Okay, so you ate too much, drank too much, maybe spent too much.
Now you’re feeling bloated, depressed, guilty and broke. Welcome to
the club. Over the next few days, about 100 million of us will trot
out hopeful New Year’s resolutions to do better – yet again. Be
persistent to keep resolutions
Okay, so you ate too much, drank too much, maybe spent too much. Now you’re feeling bloated, depressed, guilty and broke. Welcome to the club. Over the next few days, about 100 million of us will trot out hopeful New Year’s resolutions to do better – yet again.
We’ll promise ourselves to lose weight, exercise, cut down on alcohol, stop smoking, eat healthier, get organized, make career changes or seek a new romance. We’ll start with glowing fervor and likely end up in a few short months on the ash heap of disappointment.
Are we doomed for failure year after year? How do we make New Year’s resolutions that stick?
Alan Marlatt, director of the Addictive Behaviors Research Center at the University of Washington, has spent two decades studying behavior patterns related to New Year’s resolutions. He believes “initial commitment” is key.
Achieving success involves more than hollow vows or wishful thinking. How badly do you want to lose weight? Are you willing to list a dozen different things you can do and implement several ideas on a daily basis? If you really want something, you’ll figure out a way.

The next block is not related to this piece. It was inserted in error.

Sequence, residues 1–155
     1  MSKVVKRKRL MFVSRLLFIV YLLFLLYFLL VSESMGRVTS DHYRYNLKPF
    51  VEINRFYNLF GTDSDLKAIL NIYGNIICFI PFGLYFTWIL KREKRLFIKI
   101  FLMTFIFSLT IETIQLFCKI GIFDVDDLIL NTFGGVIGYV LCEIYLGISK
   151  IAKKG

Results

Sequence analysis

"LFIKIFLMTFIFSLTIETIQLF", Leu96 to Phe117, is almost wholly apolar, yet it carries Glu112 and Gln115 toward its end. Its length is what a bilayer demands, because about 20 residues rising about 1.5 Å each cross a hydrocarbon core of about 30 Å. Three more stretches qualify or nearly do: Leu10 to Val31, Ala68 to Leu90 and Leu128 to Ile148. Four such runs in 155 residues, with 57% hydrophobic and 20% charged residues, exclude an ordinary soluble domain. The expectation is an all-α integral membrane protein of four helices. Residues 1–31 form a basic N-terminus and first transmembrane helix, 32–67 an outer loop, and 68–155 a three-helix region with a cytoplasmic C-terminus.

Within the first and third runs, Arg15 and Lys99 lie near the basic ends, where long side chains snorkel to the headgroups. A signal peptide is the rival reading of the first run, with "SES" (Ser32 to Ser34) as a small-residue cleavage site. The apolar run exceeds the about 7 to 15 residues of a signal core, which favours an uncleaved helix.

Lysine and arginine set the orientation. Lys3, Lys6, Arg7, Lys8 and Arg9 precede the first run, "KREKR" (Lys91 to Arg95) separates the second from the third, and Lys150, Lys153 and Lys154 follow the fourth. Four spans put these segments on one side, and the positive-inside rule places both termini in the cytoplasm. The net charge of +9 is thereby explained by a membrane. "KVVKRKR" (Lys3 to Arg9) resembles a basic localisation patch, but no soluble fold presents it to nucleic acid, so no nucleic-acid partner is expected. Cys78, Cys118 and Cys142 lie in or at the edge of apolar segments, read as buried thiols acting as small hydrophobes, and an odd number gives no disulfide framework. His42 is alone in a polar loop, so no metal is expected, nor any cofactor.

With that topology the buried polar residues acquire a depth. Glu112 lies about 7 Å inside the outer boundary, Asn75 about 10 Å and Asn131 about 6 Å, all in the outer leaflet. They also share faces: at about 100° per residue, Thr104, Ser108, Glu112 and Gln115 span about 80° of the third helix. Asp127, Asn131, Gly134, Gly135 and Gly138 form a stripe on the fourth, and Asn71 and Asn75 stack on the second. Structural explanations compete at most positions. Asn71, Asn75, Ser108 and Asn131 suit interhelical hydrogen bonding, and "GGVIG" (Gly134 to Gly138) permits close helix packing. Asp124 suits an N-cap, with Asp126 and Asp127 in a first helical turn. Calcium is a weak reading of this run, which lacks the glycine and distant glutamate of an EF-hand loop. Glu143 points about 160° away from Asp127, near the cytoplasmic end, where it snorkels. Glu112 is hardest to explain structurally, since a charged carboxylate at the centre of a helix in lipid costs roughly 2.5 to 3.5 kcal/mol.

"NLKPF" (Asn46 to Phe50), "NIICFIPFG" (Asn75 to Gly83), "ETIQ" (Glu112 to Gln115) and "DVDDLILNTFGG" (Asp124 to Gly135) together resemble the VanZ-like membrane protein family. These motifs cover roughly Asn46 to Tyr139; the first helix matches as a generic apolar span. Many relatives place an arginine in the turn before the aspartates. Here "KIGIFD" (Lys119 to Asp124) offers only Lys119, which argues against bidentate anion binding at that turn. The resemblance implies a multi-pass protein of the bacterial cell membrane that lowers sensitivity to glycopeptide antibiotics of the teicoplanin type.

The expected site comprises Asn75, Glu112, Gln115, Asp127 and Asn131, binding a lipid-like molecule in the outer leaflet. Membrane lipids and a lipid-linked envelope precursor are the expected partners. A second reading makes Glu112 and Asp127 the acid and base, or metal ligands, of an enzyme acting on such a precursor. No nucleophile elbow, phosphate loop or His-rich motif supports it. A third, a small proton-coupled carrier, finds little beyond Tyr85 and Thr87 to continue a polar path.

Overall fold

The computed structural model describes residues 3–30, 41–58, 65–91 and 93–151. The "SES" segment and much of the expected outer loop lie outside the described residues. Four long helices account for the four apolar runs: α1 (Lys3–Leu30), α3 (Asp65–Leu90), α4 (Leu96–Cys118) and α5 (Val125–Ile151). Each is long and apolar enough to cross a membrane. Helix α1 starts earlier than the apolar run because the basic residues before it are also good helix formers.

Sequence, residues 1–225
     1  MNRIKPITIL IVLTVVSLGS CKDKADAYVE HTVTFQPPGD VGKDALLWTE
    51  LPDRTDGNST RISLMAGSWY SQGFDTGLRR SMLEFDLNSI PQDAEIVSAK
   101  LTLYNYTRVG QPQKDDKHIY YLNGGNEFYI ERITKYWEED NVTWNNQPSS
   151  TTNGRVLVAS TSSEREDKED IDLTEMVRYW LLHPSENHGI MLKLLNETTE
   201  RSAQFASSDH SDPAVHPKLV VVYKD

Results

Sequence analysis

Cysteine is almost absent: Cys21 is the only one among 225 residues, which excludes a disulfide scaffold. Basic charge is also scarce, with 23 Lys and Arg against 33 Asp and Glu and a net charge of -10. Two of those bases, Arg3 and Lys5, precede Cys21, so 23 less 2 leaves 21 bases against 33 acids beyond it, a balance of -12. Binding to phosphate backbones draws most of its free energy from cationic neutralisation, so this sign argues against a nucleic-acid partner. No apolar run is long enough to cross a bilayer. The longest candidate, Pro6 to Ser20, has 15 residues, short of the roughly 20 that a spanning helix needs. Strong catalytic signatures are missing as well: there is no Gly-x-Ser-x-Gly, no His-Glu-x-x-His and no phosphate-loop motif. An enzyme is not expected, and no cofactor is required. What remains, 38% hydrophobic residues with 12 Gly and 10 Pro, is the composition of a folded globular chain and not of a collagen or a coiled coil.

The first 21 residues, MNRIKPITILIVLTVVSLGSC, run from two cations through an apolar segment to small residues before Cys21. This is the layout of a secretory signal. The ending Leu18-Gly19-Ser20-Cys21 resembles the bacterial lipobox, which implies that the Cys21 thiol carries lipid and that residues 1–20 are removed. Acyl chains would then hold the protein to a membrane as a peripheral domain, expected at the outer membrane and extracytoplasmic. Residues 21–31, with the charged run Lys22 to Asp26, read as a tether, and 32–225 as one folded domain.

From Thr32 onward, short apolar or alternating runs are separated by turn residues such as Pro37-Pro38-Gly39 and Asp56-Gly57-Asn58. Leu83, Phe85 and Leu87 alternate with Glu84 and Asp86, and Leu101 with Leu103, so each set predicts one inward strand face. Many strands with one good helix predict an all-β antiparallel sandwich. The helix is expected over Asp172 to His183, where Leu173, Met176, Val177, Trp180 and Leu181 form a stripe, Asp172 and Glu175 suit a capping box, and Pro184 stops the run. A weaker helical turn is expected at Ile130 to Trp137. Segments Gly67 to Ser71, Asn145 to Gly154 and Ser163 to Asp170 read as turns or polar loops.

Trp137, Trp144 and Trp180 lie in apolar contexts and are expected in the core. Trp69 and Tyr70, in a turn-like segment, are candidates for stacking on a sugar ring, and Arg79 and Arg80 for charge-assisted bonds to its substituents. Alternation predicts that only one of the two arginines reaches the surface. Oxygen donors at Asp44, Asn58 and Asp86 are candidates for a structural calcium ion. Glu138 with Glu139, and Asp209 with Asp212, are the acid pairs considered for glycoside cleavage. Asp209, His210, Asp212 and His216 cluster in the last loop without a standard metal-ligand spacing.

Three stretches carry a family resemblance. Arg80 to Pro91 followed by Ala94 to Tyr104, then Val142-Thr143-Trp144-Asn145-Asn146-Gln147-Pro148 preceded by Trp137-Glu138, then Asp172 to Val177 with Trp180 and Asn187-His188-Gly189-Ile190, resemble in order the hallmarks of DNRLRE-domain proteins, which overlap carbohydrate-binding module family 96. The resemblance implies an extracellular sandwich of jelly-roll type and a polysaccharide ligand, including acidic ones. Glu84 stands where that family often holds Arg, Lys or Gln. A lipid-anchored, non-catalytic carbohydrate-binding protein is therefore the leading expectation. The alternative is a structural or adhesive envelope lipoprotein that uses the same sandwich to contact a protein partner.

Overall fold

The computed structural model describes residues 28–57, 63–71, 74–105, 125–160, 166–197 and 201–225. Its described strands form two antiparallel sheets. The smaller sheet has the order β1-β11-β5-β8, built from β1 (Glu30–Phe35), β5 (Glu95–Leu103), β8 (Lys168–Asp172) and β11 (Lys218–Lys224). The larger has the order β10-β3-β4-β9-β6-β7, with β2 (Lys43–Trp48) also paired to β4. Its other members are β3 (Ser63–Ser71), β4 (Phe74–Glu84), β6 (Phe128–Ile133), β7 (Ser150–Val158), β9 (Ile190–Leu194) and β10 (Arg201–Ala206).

Start slowly. Resolutions are sabotaged when we try to do too much in a ridiculously short period of time. We undertake renovating five years’ neglect in three weeks.
We also set too many goals instead of concentrating on the most pressing challenge. As the old adage goes, “The way to eat an elephant is one bite at a time!”
Get your head straight. Often, instead of having a vision of good results, we see ourselves failing from the get-go. Subconscious disbelief is a vicious downward cycle that leads to lack of serious commitment and inconsistent action. You do have the power to change. You can take control of the situation and improve your life! It’s not mission impossible.
Write down a step-by-step action plan and get started. The more specific you are, the more likely you’ll be to achieve objectives. What progress do you want to see in 30 days, 60 days?
Post your plan; look at it frequently. Attach the pleasure of attainment. Mental repetition of the positive result is a powerful tool.
Be persistent! In one of Marlatt’s studies, only 40 percent of people achieved their top resolution on the first try. Nearly 20 percent of participants required six attempts to reach their goal.
Marlatt further points out sure-fire ingredients for setting yourself up to fail:
• Reacting on New Year’s Eve, making resolutions based on what’s bothering you at the moment
• Framing resolutions as absolutes by saying, “I will never do X again.”
New Year is the perfect time to reflect on the past year and imagine future changes you’d like to make. As you contemplate goals, determine that 2005 will be the year you take charge of your life. That’s when resolutions become realities, not fantasies.
Happy New Year!